September 19, 2011
He’s a blur as he races past me, my whirling dervish of a youngest son, filled to the brim with unrelentless energy despite the fact we’ve just returned home from an hour-long sojourn at a local playground. “YOU CAN’T CATCH ME!” he yells with his outside voice in our very inside family room, and he is literally correct, as his middle-aged mama is no longer fast enough to corral him unless he wants to be caught. I tell him for the fifth (or was it thousandth) time not to run in the house as he’ll get hurt, and as he slides behind the curtain that blocks off access to our garage and laundry room I remind him not to pull on said curtain, as he attempts to hide from me.
I see the slight vestige of a sly grin on his face as he disappears, and as I make my way to the kitchen to deposit those dirty dishes that seem to multiply freely of their own accord, I hear it. RIP!!! followed closely by CRASH!!!, and I turn in time to witness our thick denim curtain, iron rod, and holders with pointy edges tear from the wall, and fall inches in front of my son’s face. A loud “Uh Oh!” is quickly followed by my asking my four-year-old pointlessly how many times I’ve told him not to grab that particular fabric, to which he replies, “I’m sorry Mom, my brain made me do it.”
I think to myself, “Thanks hon. Now how exactly do I respond to THAT?”
He’s absolutely right of course, on so many different levels, and that’s the main issue with his type of autism that we all seem to be working on, from his parents, to his sitter, to his teachers. He often (like many other four-year-olds I’m told) lacks that initial impulse control, that ability to derive right from wrong in certain situations, sometimes ones that really matter. More than his anxieties or need for certain rituals, this lack of control is what worries me the most.
Since he inherited the “tall genes” from his father he already looks older than he is, and I find people in our community to be shocked when I tell them he’s still in pre-k, see them often sporting a look that says, “oh, THAT’S why” on their faces after hearing my response. He looks and sounds completely “typical”, and that fact, coupled with him appearing older than he really is, already puts him at a disadvantage. I don’t want people to regard him as “bad”. I don’t want him to think he’s “bad”. So his next comment just crawls into my soul and takes up residence there, and I know it’s not going to relocate for a long, long, time.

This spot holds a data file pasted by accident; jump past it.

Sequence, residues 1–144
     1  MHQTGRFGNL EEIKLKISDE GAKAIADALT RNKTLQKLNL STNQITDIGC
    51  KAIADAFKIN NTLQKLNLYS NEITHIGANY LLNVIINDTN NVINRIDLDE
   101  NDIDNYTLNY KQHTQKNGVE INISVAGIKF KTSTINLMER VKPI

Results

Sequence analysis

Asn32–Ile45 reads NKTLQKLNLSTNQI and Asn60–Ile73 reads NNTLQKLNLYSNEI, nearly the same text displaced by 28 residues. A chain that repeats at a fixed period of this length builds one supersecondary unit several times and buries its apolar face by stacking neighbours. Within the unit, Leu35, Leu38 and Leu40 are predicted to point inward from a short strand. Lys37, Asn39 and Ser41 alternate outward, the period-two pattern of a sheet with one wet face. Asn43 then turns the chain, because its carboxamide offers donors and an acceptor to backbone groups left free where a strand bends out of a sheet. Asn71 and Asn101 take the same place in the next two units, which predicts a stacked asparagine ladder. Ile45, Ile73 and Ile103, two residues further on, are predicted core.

“Mommy, my brain is bad”. Crap.
I sit down on the floor and cuddle him close to me, and we engage in a long discussion about good and bad choices and brains, and take a brief detour to reflect upon the demise of dinosaurs. We practice counting to three before making a choice, a strategy I’m pretty sure won’t hold up in court. He says when that pesky organ of his tries to lead him astray he’ll respond with “No brain, bad choice, I WON’T do it!”, and he ‘ll instead take the absolute opposite path. We practice different scenarios, both at school and at home, all with my youngest reigning victorious, vanquishing that body part hell-bent on leading him into temptation.
“I want to be good, Mom” he sighs softly into my shoulder, and my heart breaks open just a little more, an organ of my own that has just begun to repair. I ask him to look at me and tell him he is my very good boy, and that making good choices is one of the hardest things in life, that even adults struggle to do the right thing, including (definitely including), his mama. He smiles and slides off of my lap to find that book on dinosaurs, the one with most of the answers.
I wish it were that simple to find all the answers for him.
I am reminded, usually on a daily basis, that despite his ability to speak, remedy his mistakes, and socialize with anything alive, that we still have a long way to go with helping him walk in a more “typical” world. What with Justin’s transformation into a mostly compliant, happy-go-lucky child, I am often struck by the irony that my far more autistic offspring is frequently the easier one to manage. My youngest will have to navigate the murky waters of friendships, learn to engage in dialogue not solely centered on his interests, and eventually work his way to remaining still for more than three consecutive minutes. He has a long way to go as he matures, and I’m so grateful he has what I like to call his “tribe” to help him get there.
In the meantime, we’re not out of the woods yet.